Tuesday, July 3, 2012

Appointment with a Smile by Kieran York

Publisher:          Blue Feather Books

Appointment with a Smile is the story of two weeks in the life of artist Danielle O’Hara.  For thirty years she has lived in Colorado, devoted to her painting and still in love with the woman who deserted her, Molly.  Danielle comes to London for a major showing of her work and by chance sees Molly again.  She also meets a beautiful woman named Bethany who is interested in a future with Danielle.  Danielle finds herself caught up in a swirl of emotions as the professional recognition she has always sought suddenly comes crashing down on her, the feelings she’s never given up for Molly come back with full force and she finds herself attracted to someone who tells her that her life doesn’t have to be as lonely as she has made it.  Danielle is forced to examine herself and her life and not everything she discovers is pleasant.

Kieran York has performed quite a feat.  She’s created a thoughtful, interesting story with a main character that is sometimes aggravating beyond belief.  Danielle is one of those women the reader might want to grab and shake until her head rattles.  If she were someone you actually knew, you’d want to yell at her, “What’s wrong with you?”  The fact that her friends in the book frequently do that makes the story more realistic.  One woman keeps saying she doesn’t want Danielle and another one very much does, but Danielle can’t make up her mind which one to pursue.  She’s a very complex character, sometimes admirable and sometimes hopeless.  At times it’s maddening to watch her possibly torpedo a chance for happiness.

York also chose to write about older characters.  That means that these women come with many more conditions and situations than younger characters would have.  Some writers have said that they veer away from older characters for this very reason.  York treats their issues as plot lines.  A woman has to have some age to have been hopelessly in love with a person she hasn’t seen in three decades.  Danielle also faces a very real concern when she wonders if she can make room in her life for a lover after the age of 60.  She’s used to living her life a certain way and she’s not sure she wants to change at this point or ask someone to move into her sphere.  Many older readers will be able to identify with that internal battle between finding someone to love and altering the comfortable patterns they’ve settled into.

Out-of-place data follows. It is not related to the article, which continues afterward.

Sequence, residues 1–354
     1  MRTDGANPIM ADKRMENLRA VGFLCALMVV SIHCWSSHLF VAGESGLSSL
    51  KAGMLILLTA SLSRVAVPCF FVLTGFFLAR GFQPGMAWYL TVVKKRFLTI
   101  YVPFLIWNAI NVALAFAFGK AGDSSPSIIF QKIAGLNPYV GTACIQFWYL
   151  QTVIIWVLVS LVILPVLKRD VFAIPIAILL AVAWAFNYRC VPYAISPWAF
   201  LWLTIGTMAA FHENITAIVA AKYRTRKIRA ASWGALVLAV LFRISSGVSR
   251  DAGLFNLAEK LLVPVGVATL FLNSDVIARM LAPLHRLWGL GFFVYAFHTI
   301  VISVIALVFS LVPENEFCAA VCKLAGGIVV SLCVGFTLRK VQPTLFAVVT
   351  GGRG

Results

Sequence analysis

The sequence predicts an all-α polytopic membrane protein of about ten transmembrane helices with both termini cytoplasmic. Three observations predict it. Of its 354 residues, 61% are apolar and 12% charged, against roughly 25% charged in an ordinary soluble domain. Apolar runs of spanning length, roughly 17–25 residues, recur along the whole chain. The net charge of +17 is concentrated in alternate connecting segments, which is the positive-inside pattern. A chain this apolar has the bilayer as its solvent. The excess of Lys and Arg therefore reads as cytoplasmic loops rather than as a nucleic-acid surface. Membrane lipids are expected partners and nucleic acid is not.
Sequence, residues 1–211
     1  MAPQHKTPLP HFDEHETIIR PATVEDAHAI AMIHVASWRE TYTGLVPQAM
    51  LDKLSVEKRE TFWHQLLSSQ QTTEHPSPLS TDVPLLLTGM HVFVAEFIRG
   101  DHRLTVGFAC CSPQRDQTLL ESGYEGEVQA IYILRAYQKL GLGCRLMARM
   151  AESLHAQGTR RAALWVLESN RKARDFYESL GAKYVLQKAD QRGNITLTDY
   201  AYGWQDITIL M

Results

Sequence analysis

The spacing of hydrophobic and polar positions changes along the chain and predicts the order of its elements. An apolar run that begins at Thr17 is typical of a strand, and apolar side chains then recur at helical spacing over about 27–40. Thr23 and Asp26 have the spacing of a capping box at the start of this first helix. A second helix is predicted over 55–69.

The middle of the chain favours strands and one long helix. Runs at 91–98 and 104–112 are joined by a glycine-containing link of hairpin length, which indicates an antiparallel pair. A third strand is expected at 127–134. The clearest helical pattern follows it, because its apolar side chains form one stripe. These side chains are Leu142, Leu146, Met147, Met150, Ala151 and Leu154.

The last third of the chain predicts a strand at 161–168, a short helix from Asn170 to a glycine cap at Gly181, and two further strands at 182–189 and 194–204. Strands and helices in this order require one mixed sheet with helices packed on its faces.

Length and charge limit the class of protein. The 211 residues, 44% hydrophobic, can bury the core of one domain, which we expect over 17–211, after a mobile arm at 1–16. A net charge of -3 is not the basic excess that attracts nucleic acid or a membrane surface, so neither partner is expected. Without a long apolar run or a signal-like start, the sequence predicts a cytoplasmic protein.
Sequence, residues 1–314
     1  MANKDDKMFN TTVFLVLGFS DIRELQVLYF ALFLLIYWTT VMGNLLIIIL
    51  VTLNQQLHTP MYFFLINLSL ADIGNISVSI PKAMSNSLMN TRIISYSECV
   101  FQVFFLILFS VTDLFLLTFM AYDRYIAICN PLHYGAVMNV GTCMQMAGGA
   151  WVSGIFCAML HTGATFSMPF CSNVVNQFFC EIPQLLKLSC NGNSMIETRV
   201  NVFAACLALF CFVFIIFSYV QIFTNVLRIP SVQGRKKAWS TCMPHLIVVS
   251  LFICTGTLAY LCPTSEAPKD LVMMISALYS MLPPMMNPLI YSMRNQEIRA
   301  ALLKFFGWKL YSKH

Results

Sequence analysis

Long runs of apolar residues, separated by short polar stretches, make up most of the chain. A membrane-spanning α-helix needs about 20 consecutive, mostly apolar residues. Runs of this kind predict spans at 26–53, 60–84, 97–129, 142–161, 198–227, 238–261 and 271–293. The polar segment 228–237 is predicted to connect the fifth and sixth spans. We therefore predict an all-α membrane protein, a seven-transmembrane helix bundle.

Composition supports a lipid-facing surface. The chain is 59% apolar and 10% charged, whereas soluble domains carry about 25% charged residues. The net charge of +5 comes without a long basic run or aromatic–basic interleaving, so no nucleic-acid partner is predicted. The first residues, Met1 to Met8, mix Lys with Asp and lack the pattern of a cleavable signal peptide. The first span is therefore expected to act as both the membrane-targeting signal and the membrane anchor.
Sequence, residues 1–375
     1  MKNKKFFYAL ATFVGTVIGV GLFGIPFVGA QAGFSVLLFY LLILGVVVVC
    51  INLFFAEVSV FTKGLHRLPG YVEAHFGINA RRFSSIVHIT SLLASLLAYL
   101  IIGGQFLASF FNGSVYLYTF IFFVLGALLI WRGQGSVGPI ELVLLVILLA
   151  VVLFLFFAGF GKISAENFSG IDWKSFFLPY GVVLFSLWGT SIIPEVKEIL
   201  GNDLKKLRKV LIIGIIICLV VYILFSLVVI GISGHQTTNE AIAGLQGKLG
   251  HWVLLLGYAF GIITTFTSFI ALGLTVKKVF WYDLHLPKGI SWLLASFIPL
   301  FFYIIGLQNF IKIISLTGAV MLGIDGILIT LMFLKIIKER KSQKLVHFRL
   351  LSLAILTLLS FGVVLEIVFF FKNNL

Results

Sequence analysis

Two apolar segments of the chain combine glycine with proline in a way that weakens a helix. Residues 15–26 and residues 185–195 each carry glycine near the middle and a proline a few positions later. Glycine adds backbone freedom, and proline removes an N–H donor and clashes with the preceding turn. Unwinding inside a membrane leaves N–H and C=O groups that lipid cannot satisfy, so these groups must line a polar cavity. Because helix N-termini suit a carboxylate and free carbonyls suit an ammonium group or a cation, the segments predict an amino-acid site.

The encouraging part of the story comes from Danielle’s friends.  Though they are the same approximate ages, they very much live their lives in the moment and with complete joy.  They provide the Greek chorus chanting in reply to Danielle’s pessimism that life isn’t over until it’s over and that she should grasp every opportunity to experience it to the fullest.  York uses Danielle’s friend Esther, an astrophysicist, in a sotto voce position.  Her comments about the universe, the expanse of time and the possibility of discoveries is in direct contrast to Danielle’s short vision.  Esther and the other women definitely believe that age is nothing but a number and is not the primary factor in what you decide to do.

There is a lot in this book.  It’s easy to forget that it only covers two weeks in time because so many issues are addressed.  It was refreshing to read about older characters dealing with what life throws at them.  Most lesbian fiction tends to feature characters between twenty-five and forty-five, but the population is aging.  There are many things in this book that an older woman can relate to.  There is also a message of hope in that love (and sex) does exist for older women, just at a different pace.

Appointment with a Smile is not just for older readers.  There are points here that can appeal to many ages.  However, it was nice to read about life from a different perspective.

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